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Police Beat: Man Leaving ATM Robbed at Gunpoint
By Officer Lois Perillo
The only October robbery on my Noe Valley beat -- at least the only one reported to police -- was a serious one. It was an armed robbery of a 42-year-old man who had just withdrawn money from an ATM on 24th Street.
The incident occurred at 12:50 a.m. on Oct. 12, as the man was leaving the Home Savings ATM at the corner of 24th and Noe streets. He rode his bicycle east on the sidewalk, then noticed a silver Toyota stopped in the street.
A man appearing to be about 40 years old stepped out of the car, pointed a gun at the cyclist, and demanded money. The cyclist complied by handing over his wallet. The robber took the wallet, then frisked the cyclist before fleeing east on 24th Street in the car. The cyclist briefly followed and got the license plate number of the getaway car.
As of mid-November, the suspect was still at large.
Check Your Locks and Doors
Nine burglaries were reported during October. Four houses were broken into on four separate days (Monday, Tuesday, Thursday, and Friday). There were two burglaries to apartments and two to stores. In the shop burglaries, the doors were forced open, reminiscent of a string of commercial burglaries in which the suspect was captured several months ago.
Watch Out for Identity Theft
A 34-year-old man and resident of Fair Oaks Street came to Mission Station to report that a suspect somehow obtained his date of birth, social security number, and bank account numbers, which were then used to fraudulently open two credit card accounts and a cellular phone service. The suspect also created computer-generated checks using the reportee's actual bank account numbers, and cashed two of the checks.
Here are some ways for you to avoid a similar misfortune:
- Keep track of all your identifying numbers.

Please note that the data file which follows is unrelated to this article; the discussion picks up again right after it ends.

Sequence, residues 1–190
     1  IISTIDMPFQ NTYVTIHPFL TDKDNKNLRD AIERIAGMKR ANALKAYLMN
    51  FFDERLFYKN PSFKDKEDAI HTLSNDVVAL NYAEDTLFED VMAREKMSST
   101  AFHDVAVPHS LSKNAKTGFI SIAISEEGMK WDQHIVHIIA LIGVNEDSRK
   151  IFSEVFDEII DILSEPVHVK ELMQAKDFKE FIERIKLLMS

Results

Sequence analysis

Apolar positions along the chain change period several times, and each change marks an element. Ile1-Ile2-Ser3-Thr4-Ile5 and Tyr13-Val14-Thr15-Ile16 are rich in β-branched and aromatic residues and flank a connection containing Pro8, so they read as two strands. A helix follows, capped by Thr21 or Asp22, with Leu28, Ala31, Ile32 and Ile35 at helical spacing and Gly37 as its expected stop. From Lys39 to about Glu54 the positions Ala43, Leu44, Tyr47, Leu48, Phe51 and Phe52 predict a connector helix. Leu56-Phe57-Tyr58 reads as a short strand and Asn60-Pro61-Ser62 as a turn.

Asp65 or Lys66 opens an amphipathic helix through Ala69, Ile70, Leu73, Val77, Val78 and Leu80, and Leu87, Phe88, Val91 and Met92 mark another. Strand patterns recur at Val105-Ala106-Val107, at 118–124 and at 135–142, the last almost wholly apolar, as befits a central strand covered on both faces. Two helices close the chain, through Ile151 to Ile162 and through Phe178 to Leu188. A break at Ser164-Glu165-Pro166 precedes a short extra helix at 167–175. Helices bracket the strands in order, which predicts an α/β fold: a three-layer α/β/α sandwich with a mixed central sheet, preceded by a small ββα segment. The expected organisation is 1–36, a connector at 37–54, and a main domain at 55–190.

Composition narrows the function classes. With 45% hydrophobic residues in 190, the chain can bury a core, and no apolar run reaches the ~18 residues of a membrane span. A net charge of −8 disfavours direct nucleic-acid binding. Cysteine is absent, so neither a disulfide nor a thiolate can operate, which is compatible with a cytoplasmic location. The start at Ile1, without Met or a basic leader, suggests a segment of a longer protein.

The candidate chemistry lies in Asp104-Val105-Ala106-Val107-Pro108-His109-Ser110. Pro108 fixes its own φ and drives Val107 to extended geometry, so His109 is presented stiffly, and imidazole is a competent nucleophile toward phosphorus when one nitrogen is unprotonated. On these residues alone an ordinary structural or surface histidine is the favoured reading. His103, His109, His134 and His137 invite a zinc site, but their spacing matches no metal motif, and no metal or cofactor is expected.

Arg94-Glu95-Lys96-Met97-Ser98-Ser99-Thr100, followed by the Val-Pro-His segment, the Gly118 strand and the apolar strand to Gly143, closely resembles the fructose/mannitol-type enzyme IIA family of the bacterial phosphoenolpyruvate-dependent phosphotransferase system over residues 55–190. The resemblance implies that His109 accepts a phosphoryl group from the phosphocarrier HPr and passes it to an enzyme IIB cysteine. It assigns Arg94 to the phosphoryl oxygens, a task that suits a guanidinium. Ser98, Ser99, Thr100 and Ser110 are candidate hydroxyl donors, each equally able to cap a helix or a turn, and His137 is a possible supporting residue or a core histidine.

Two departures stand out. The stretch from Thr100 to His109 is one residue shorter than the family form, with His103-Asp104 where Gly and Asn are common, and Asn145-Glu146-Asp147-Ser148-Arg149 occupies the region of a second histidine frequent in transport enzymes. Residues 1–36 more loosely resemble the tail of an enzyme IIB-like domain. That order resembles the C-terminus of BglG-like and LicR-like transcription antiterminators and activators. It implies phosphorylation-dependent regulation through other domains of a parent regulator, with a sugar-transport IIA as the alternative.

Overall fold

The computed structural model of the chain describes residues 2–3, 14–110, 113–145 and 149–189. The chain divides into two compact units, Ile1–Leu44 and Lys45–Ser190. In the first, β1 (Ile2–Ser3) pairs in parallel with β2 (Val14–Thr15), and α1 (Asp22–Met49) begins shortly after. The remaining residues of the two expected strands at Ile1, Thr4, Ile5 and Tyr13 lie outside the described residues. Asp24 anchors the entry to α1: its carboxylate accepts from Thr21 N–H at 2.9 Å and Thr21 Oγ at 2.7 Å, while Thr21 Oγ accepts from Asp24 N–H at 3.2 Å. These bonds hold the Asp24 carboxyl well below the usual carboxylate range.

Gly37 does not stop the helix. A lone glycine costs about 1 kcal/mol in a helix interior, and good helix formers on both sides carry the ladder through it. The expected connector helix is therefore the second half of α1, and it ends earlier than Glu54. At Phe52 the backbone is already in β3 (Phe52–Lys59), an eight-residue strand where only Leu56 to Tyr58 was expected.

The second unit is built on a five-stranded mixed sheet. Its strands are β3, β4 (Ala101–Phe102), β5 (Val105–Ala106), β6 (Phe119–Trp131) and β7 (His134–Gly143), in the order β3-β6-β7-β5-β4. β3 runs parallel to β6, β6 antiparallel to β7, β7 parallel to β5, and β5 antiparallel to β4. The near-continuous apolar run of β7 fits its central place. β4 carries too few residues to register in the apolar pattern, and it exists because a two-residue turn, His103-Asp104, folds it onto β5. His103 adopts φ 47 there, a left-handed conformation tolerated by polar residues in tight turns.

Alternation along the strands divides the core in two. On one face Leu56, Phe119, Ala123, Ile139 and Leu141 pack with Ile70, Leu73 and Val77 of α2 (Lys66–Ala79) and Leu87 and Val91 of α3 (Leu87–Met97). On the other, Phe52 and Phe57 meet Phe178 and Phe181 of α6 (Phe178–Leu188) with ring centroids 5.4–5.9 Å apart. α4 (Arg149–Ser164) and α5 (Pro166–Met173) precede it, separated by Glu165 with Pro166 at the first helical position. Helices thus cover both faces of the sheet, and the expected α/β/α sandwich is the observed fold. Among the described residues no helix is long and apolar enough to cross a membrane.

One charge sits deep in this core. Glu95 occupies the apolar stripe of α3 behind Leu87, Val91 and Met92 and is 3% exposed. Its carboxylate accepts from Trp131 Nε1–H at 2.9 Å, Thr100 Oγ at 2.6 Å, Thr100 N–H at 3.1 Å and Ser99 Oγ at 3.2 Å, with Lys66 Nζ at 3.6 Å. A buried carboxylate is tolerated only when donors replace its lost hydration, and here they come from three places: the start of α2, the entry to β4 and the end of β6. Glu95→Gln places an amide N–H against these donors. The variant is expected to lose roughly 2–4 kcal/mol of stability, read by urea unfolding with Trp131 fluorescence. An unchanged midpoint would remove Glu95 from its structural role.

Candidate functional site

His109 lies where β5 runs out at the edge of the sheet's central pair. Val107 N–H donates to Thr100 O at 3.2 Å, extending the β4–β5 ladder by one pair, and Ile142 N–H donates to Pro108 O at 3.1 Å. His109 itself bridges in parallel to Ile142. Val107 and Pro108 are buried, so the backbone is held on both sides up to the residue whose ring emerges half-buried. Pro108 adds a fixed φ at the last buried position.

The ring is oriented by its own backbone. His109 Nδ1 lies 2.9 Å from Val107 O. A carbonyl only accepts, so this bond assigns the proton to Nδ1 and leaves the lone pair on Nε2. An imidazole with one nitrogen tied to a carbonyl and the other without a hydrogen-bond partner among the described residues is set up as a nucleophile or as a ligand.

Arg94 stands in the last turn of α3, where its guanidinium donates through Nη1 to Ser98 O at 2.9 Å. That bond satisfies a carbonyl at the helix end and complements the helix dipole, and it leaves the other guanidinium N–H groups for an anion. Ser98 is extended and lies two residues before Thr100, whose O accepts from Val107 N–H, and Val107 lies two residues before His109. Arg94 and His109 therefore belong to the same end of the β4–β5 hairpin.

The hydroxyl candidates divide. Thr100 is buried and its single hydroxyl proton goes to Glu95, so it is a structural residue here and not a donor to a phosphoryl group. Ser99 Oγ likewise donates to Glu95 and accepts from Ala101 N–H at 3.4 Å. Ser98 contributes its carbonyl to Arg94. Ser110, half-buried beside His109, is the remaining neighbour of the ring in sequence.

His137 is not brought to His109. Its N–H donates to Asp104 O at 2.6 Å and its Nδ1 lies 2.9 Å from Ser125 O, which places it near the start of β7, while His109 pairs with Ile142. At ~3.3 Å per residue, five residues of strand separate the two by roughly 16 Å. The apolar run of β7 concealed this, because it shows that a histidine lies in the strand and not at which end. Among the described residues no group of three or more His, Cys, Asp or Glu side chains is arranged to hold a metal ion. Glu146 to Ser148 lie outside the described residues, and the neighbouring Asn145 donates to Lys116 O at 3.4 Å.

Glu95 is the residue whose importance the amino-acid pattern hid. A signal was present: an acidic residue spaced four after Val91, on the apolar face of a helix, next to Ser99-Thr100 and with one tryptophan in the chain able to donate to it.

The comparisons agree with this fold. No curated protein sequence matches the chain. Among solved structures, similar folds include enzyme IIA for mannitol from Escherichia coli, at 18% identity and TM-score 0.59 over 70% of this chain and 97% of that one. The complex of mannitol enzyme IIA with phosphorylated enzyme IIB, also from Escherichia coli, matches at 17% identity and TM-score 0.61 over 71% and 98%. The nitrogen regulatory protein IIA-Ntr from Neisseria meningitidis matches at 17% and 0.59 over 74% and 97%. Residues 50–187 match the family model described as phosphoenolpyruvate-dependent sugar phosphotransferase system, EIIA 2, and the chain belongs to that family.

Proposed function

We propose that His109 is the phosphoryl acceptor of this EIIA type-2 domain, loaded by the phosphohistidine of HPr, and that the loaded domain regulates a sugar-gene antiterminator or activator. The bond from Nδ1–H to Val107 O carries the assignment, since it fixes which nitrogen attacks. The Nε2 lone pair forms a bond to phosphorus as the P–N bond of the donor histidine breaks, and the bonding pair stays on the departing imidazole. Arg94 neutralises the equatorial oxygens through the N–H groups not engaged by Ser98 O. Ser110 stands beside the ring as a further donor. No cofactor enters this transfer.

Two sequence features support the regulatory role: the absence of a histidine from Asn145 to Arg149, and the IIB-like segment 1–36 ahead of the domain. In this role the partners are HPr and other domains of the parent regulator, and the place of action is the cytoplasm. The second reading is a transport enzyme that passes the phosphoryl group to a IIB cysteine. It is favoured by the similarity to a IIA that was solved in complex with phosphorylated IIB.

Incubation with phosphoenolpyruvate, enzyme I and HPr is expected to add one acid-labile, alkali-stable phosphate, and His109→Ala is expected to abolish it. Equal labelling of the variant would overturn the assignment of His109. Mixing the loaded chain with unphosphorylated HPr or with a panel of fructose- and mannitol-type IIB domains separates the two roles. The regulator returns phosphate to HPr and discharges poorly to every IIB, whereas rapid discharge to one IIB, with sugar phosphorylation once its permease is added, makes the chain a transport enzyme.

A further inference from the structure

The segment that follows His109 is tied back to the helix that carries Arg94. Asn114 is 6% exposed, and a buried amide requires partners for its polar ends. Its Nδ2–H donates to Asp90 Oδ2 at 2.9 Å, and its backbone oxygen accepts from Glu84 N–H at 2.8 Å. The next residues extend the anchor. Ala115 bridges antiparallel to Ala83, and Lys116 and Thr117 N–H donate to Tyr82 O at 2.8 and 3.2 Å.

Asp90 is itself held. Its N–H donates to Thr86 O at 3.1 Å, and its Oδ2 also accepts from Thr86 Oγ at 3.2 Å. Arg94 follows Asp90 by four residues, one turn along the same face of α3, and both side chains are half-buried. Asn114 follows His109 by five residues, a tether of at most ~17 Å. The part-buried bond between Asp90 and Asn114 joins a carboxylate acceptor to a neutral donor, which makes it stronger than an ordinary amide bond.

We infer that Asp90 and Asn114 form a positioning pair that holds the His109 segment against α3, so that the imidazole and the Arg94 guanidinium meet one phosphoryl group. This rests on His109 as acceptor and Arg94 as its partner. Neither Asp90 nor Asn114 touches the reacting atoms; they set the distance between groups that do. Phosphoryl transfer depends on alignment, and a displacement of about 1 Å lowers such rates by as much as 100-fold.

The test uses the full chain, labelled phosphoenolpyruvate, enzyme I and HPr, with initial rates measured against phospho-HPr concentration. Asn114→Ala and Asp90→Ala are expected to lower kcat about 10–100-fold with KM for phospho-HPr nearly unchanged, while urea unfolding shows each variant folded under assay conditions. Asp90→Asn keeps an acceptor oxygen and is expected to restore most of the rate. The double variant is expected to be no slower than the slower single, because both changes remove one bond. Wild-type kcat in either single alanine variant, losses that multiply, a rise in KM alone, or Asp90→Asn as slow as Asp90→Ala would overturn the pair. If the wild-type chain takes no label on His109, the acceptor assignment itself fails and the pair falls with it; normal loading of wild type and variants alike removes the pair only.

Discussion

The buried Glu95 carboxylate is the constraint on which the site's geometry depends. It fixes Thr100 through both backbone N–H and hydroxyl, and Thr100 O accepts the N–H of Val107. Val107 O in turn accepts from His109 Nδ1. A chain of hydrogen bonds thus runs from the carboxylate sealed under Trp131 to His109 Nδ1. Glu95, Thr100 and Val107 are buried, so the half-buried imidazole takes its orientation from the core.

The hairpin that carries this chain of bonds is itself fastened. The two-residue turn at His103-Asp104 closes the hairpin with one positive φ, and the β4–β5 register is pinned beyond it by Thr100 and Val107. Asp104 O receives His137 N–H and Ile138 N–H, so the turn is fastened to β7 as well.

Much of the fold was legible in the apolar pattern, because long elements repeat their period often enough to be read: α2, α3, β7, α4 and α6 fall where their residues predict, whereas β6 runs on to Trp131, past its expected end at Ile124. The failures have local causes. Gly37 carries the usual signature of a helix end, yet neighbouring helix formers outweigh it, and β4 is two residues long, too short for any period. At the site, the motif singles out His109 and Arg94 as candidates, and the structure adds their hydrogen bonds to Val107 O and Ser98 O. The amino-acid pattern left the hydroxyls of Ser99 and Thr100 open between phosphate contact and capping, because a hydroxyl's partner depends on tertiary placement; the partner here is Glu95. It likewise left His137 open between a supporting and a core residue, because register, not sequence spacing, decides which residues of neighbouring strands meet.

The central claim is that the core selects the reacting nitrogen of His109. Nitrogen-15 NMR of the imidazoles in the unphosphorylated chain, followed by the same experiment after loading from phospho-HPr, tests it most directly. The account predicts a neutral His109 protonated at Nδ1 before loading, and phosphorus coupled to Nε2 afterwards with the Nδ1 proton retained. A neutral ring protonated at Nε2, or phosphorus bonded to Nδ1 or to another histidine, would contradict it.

- Do not provide any account or i.d. information over the phone unless you have initiated the call to a known party.
- If asked for your social security number to be used as an i.d. number (a frequent practice of HMOs), request to use another number.
- Tear up those credit applications sent to you via direct mail marketing. DO NOT, repeat, DO NOT recycle those applications intact. The same goes for old or canceled checks and account statements, including stock and mutual fund statements, which frequently display your social security number.
- To catch any fraud early, periodically request credit reports from the three major reporting companies.
Party Hardy, But Know Your Friends
After the bars closed on Oct. 17, a 22-year-old woman invited 10 people to her parents' home on Clipper Street to continue the party. However, when she awoke at 11 a.m., she found that money had been stolen from her dresser, and her father's car had been stolen from the garage.
Happily, the car was returned to her at 4 p.m. that day. No word on the money.
Egged, But Why?
On Oct. 17 at 3:10 a.m., a 43-year-old man was targeted by a group of 25-year-old men, one of whom threw an egg at him while he walked up the steps to his girlfriend's house on the 3900 block of 22nd Street. The man first heard two of the suspects yell something indiscernible at him. Although the egg missed its target, the man tripped and injured his hand while trying to avoid being hit.
If the egg-throwers have a political motive, the police would like to hear it.
The 45-year-old woman accused of assaulting Officer Barbara Pinelli near Happy Donuts on Aug. 11 continues to make her court appearances and is scheduled for jury trial on Jan. 15, 1999.
On Oct. 29, the 19-year-old man arrested in April for numerous auto boosts in Noe Valley had his charges dismissed upon his successful completion of a pretrial diversion program.
The 20-year-old man who robbed a 30-year-old woman in February at 3865 24th St. pled guilty to second-degree robbery and was due to be sentenced in late November.
Nanook of the North
Many of you asked where I was for two weeks during October. Okay, I'll 'fess up. For one week, I attended my ninth annual International Association of Women Police training conference in Anchorage, Alaska. The next week, I followed my wanderlust and traveled throughout the north, including a trip to British Columbia and sharing some post-conference time with my Royal Canadian Mounted Police buddies Deb, Jan, and Kim; my British constabulary cousins Liz and Sue; and my ever-patient friend who investigates Russian organized crime in the eastern states, Marilyn.
As the days grow short and we prepare for the winter solstice, I'd like to send my heartfelt thanks for all your efforts to support one another within our community.
Be safe. I'll see you on patrol.